This rigorous yet accessible text introduces the key physical and biochemical processes involved in plant interactions with the aerial environment. It is designed to make the more numerical aspects of the subject accessible to plant and environmental science students, and will also provide a valuable reference source to practitioners and researchers in the field. The third edition of this widely recognised text has been completely revised and updated to take account of key developments in the field. Approximately half of the references are new to this edition and relevant online resources are also incorporated for the first time. The recent proliferation of molecular and genetic research on plants is related to whole plant responses, showing how these new approaches can advance our understanding of the biophysical interactions between plants and the atmosphere. Remote sensing technologies and their applications in the study of plant function are also covered in greater detail.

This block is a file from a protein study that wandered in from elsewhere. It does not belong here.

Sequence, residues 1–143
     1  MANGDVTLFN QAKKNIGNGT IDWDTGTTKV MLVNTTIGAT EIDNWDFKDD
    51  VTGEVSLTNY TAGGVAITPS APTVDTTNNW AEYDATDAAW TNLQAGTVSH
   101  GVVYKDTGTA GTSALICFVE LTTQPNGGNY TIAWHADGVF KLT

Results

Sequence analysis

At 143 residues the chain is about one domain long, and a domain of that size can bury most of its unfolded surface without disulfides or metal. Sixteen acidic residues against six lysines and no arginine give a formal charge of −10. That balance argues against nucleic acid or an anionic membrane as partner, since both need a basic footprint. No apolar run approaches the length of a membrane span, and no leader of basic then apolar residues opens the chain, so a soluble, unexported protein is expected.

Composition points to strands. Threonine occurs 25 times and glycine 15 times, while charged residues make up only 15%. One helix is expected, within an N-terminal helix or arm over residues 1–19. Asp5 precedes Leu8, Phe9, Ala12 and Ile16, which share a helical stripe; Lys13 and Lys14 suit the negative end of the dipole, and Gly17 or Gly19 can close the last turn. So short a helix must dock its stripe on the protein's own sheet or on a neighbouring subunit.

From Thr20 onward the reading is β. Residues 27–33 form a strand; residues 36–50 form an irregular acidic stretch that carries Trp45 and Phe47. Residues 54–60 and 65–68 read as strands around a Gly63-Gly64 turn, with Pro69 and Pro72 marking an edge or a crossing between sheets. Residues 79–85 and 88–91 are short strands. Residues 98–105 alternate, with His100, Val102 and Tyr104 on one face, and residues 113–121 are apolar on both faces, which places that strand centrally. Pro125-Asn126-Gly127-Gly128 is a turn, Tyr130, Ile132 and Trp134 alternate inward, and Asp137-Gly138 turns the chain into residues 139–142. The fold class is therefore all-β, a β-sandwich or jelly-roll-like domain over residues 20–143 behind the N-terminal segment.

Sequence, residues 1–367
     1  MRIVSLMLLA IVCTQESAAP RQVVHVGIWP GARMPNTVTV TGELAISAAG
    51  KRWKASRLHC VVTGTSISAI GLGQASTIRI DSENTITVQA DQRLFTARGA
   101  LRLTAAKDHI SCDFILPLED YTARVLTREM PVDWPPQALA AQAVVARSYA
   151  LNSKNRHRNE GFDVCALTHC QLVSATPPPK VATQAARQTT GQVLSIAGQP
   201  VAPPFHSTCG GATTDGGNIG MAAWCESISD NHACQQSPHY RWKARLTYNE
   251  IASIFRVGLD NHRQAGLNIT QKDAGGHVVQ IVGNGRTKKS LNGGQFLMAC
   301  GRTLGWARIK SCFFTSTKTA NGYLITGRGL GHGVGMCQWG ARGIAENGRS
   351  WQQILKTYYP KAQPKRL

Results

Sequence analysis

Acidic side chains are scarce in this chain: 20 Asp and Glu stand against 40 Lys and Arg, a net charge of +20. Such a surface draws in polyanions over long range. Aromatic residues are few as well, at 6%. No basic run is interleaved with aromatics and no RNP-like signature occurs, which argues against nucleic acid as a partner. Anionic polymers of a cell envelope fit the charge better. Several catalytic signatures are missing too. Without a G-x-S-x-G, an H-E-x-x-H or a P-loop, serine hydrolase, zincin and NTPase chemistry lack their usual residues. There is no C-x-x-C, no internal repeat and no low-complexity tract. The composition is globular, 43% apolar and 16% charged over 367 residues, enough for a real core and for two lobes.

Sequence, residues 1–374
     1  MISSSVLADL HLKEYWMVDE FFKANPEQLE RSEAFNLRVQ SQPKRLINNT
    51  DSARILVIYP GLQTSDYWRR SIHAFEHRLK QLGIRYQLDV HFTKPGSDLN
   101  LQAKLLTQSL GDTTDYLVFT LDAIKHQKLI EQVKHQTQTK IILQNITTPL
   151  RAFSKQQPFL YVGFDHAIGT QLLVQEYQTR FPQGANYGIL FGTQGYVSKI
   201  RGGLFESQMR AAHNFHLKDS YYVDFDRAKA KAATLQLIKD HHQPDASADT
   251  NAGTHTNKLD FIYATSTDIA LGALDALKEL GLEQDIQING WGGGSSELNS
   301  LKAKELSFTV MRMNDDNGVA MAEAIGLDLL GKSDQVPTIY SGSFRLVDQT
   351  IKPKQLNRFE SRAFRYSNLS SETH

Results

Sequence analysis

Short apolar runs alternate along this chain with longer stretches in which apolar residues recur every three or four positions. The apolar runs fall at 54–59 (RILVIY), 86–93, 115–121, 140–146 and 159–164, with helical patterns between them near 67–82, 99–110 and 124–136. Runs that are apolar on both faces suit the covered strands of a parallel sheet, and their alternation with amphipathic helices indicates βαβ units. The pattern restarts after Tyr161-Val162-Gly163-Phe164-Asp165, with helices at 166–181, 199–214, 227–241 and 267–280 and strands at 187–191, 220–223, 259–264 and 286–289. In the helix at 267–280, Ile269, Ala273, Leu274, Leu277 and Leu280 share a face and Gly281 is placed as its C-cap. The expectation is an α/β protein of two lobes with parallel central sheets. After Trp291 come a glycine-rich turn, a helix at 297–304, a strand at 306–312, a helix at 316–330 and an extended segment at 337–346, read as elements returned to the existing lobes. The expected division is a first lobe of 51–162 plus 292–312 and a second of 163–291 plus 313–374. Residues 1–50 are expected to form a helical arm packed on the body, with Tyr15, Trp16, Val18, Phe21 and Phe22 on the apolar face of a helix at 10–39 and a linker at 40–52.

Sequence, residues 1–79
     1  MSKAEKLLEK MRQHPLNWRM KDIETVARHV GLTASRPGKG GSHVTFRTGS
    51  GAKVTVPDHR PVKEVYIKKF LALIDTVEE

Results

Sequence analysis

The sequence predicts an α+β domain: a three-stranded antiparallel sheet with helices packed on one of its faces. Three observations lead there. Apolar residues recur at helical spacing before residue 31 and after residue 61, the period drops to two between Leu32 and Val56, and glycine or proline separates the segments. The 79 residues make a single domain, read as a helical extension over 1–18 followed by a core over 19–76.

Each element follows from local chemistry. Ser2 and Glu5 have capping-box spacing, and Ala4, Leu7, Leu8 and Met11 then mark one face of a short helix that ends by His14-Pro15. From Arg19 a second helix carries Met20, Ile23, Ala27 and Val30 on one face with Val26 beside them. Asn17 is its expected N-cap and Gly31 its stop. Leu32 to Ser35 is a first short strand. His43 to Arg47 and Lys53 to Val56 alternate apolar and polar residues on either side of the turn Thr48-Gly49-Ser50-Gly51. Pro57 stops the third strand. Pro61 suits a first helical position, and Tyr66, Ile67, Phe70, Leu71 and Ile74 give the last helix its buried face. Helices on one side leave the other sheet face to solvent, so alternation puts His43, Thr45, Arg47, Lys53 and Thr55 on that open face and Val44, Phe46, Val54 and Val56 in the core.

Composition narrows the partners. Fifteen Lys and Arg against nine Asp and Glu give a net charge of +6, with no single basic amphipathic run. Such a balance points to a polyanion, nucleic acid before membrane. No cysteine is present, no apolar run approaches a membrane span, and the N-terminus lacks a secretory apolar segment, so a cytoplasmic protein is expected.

Hamlyn G. Jones is Emeritus Professor of Plant Ecology at the University of Dundee. His research uses experimental approaches and mathematical modelling to investigate the characteristics that enable plants to be adapted to specific environments and to tolerate environmental stress.
Preface; Acknowledgements; Detailed glossary of symbols and abbreviations; 1. A quantitative approach to plant-environment interactions; 2. Radiation; 3. Heat, mass and momentum transfer; 4. Plant water relations; 5. Energy balance and evaporation; 6. Stomata; 7. Photosynthesis and respiration; 8. Light and plant development; 9. Temperature; 10. Drought and other abiotic stresses; 11. Other environmental factors: wind, altitude, climate change and pollutants; 12. Physiology and crop yield improvement; Appendices; References; Index.